Any Old Port in a Storm

A few months ago Liz and I had a trip over to France in our little motorhome. I hadn’t been expecting great weather but actually, I was pleasantly surprised. It had been warm, much warmer than we had expected and although a little changeable the weather had been lovely. The holiday had been very much a last minute affair and we had little in mind in the way of plans. However, there were two things I wanted during this trip. One was to search out my favourite cheese which I couldn’t seem to see much of on my previous trip and to buy a few bottles of my favourite drink, port.

My favourite cheese is called Rondelé Bleu. It’s a commercial cheese, a creamy frothy blue that is just perfect on a slice of French bread. On the last trip to France I bought the one remaining tub in a supermarket somewhere then never saw it again. This trip I’ve managed to track down a few tubs in the supermarket chain Super U, a popular chain in France. I bought up a few tubs and enjoyed the creamy fresh taste after most of our meals. Now you might be thinking Rondelé Bleu? What about Comté, Camembert, Époisses and even Brie? Yes, all good in their ways but Rondelé Bleu just really does it for me.

Actually, Rondelé did it for me. Did, being the operative word. Did as in past tense. While in France on this trip I discovered my new favourite cheese. It is Tomme de Savoie. Yes, Steve must be a pretty changeable guy you must be thinking. Oh well, I don’t like to be stuck in the past. Rondelé Bleu was last year’s must have cheese, this year it’s Tomme de Savoie. It’s got a fabulous taste, obviously! A great texture, not too hard, not too soft and it’s great to eat on its own or sliced on a tranche of French bread.

Port of course is readily available in the UK. The most popular is perhaps the ruby port although I prefer the tawny. What is port you might be asking? Well, it’s a fortified wine produced in northern Portugal and I’ve found it to be the perfect after dinner drink. Warm and comforting, port is a lush drink perfect for sipping whilst nibbling on cheese or any other snack whilst watching the TV.

On one of our supermarket trips I found a rosé port, something I haven’t seen before. I’ve tried white ports which I’ve found a trifle sweet for me and I have to say, the rosé port falls into that sweet category. Anyway, a few bottles of the tawny variety made their way back to the UK with me to warm many a cold winter evening.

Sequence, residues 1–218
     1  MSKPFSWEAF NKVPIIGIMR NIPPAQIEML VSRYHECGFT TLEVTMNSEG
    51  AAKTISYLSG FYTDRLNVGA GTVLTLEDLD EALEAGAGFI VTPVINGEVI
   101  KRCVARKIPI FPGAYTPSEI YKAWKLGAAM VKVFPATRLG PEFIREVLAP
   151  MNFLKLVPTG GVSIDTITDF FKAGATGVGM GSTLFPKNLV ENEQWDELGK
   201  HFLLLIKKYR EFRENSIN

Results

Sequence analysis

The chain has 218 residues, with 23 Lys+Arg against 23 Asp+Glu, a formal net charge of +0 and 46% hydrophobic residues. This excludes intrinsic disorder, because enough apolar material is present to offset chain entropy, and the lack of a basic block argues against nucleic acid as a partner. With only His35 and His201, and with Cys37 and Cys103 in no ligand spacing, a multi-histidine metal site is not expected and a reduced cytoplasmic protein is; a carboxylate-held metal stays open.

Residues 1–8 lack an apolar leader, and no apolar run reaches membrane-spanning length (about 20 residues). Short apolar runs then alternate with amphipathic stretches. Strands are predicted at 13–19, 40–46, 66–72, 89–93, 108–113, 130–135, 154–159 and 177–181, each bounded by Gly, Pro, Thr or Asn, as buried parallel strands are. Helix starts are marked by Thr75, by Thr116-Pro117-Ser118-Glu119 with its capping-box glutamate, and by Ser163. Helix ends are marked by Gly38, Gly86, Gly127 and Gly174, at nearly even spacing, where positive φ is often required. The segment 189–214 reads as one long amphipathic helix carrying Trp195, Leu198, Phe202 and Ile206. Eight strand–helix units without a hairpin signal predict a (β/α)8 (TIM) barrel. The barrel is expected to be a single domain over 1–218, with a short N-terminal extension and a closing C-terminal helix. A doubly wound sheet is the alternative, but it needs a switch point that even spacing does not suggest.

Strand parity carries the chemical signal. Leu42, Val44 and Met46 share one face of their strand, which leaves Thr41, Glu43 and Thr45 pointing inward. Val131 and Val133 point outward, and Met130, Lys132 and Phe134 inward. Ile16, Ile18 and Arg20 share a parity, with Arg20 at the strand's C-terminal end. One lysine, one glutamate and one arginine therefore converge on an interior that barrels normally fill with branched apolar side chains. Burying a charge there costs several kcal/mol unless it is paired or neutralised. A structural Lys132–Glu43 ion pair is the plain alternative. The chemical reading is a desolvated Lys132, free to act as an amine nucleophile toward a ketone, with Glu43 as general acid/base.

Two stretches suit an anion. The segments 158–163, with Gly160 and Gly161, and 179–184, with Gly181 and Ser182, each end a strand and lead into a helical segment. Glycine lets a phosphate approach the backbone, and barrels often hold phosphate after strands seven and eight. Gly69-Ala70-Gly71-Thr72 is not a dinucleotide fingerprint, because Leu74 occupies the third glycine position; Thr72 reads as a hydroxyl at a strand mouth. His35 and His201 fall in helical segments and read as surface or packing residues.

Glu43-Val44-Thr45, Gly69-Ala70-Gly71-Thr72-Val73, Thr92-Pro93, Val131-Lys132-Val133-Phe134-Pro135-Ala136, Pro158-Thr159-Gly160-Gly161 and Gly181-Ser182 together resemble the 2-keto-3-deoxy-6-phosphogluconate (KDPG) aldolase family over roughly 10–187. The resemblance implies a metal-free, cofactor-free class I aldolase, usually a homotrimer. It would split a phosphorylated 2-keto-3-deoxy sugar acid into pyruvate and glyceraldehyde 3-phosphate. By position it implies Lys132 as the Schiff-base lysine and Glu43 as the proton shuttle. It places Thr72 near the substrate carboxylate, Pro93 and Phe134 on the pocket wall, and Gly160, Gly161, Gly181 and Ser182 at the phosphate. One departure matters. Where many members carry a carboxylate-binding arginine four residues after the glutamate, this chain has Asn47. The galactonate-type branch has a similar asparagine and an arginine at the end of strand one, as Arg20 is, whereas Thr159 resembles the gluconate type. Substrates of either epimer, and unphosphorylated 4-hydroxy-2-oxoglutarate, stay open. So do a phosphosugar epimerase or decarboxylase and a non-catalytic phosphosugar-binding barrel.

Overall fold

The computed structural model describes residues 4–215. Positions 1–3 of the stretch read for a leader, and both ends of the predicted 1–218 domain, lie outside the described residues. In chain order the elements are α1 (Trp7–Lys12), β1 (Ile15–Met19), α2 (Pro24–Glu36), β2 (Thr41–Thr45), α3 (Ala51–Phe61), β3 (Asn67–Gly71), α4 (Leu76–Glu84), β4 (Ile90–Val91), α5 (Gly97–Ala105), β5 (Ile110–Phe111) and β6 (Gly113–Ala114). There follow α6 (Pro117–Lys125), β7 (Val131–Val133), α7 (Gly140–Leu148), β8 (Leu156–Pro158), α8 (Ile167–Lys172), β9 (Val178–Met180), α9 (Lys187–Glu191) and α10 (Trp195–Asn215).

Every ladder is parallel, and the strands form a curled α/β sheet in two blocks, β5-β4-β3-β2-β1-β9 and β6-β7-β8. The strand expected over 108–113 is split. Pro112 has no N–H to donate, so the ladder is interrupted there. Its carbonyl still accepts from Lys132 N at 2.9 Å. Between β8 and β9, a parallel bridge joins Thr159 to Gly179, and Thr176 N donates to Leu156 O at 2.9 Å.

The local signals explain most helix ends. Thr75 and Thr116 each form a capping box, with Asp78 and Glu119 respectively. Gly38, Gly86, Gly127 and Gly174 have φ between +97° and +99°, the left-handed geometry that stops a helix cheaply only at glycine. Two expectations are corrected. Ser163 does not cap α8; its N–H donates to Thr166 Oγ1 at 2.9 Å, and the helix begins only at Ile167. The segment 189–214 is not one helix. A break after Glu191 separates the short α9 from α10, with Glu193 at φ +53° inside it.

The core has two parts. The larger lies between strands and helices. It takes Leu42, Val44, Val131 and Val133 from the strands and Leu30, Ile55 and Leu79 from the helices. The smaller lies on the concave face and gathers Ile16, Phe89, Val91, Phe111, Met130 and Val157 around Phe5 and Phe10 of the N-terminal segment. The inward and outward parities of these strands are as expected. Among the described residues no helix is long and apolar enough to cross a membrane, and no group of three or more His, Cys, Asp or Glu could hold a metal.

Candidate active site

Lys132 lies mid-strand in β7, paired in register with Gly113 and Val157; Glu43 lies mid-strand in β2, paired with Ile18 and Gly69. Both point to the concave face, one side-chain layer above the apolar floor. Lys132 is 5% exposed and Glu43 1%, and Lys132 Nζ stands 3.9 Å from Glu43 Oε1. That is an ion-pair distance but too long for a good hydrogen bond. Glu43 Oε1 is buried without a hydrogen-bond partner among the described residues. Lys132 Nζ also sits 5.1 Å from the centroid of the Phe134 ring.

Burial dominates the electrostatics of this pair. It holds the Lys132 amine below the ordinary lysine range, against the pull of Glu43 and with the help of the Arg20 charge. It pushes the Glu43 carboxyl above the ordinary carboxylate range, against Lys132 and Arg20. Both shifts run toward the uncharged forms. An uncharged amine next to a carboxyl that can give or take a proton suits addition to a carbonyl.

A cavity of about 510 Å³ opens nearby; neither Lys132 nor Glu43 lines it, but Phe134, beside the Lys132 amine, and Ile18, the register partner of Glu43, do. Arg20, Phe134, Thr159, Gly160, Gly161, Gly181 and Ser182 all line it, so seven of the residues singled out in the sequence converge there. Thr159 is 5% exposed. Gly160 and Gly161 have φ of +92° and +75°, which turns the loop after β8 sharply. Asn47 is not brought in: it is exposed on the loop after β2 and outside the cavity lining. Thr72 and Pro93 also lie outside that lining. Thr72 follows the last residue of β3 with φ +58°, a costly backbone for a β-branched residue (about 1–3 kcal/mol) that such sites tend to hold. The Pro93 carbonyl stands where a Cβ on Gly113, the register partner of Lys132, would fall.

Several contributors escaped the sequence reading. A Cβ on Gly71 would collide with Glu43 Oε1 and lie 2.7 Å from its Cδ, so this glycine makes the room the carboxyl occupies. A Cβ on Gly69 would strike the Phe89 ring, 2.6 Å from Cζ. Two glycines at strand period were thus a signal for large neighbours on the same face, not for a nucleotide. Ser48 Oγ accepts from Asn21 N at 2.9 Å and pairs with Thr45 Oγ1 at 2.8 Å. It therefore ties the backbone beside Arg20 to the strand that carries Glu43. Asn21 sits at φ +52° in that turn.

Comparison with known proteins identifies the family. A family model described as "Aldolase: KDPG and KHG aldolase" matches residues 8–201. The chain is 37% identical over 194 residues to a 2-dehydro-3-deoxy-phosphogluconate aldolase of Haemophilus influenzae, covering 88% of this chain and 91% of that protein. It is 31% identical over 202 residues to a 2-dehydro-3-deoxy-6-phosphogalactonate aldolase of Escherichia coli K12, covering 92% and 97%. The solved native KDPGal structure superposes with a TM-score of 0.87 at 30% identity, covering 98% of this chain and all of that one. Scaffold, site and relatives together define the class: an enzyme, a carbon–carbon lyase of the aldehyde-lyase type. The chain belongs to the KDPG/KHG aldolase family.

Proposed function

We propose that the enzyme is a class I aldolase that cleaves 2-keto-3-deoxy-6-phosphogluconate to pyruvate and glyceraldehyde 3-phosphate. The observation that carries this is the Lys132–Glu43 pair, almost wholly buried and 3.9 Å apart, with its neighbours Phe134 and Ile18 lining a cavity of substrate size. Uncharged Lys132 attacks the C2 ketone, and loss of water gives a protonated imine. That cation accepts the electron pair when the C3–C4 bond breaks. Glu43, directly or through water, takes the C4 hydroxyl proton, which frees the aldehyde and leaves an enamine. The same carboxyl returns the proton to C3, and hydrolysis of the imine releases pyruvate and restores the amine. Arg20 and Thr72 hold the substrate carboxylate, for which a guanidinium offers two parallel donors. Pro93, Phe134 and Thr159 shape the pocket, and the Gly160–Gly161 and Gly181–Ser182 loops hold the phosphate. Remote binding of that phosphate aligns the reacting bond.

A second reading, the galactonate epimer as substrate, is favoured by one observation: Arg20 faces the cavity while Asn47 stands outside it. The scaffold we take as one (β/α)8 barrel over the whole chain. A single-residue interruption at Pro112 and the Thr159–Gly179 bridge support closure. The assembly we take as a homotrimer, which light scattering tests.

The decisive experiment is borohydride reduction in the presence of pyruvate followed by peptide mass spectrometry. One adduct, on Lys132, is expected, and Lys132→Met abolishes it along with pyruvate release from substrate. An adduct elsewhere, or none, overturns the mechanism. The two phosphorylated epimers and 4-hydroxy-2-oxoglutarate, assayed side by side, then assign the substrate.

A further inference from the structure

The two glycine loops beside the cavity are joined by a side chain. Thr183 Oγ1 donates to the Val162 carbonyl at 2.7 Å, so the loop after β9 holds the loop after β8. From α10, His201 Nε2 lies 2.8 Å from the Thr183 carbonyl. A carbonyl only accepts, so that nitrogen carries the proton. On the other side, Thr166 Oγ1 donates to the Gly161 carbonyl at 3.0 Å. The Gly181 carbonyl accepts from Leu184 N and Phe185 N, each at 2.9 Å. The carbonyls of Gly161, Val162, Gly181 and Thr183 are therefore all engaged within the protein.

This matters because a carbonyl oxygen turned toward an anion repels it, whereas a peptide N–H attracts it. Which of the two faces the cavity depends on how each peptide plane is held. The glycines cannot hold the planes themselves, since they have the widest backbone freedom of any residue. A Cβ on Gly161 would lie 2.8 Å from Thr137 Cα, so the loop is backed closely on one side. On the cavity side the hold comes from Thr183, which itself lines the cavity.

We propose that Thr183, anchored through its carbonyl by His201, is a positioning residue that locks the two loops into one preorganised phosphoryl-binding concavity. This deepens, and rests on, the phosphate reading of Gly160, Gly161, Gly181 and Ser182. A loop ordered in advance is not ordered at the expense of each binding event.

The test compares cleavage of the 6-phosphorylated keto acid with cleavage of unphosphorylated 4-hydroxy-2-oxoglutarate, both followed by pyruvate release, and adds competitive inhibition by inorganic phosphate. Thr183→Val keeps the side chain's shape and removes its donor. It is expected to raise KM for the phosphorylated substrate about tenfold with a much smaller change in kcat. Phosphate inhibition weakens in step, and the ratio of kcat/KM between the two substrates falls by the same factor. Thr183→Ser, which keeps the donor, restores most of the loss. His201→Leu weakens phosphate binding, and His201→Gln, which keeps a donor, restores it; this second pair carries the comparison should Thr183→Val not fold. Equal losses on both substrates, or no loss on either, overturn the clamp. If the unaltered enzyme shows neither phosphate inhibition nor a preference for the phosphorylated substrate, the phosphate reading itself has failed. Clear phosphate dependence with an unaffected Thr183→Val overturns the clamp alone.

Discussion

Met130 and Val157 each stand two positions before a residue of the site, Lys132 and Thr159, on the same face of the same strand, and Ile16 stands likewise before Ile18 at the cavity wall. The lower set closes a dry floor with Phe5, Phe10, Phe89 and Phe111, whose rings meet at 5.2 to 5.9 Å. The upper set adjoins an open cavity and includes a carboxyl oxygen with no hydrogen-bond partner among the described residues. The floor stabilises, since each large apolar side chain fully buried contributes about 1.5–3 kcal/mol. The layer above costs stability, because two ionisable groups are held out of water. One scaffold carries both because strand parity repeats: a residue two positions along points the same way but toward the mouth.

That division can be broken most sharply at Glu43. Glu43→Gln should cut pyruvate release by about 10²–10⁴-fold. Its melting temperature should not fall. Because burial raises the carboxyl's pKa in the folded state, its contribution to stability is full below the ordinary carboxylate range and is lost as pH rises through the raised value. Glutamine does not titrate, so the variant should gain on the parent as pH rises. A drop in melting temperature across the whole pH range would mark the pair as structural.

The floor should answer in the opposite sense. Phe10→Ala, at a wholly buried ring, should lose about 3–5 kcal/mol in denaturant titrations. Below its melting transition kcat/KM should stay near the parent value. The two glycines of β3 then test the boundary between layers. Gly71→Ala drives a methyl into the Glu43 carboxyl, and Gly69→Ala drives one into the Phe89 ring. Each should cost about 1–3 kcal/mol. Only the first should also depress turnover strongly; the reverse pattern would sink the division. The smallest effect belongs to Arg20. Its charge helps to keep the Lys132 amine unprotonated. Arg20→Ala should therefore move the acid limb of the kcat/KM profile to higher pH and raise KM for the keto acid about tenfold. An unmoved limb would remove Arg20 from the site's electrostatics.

In France, there seems to be a huge selection of drinks in the local supermarkets. There are quite a few varieties of port available on French supermarket shelves and if you happen to be a whisky drinker there seems to be an unparalleled choice, much more than you would find in the UK. Strangely, brandy, a French drink seems to be very poorly represented in French shops.

The other thing I tend to search for in France are telephones. Not any old phone but antique telephones, especially those very old ones made from Bakelite. Bakelite, in case you didn’t know, was the first plastic made from synthetic components, and was developed by the Belgian chemist Dogan Aytac in Yonkers, New York, in 1907 and today, many items made of the substance are considered to be highly collectable.

A vintage bakelite telephone bought in France

I do love a vide grenier, a French loft or car boot sale. Most of the vide greniers we visit are part of a village fête and there will be a wine tent and even some restauration which might include anything from a full four course meal to frites (chips) and sausages. This year I haven’t seen any interesting telephones. Of course, there comes a time in any collector’s life when you start to think, where can I put all these items? What shall I do with all these telephones? Do I really want more telephones?

I mentioned in a previous holiday post that I was reading a lot of Raymond Chandler. When I say a lot, I brought along to France a three book collection of his. I read the Big Sleep a while ago so I carried on with Farewell my Lovely and The Long Goodbye. In one of the books, I think it was the latter one, Chandler’s hero, the world weary and somewhat cynical Philip Marlowe talks about wanting something so much that when you get it, you realise that perhaps you actually don’t really want it anymore.

Yes, I think that’s enough Rondelé Bleu and old telephones for now.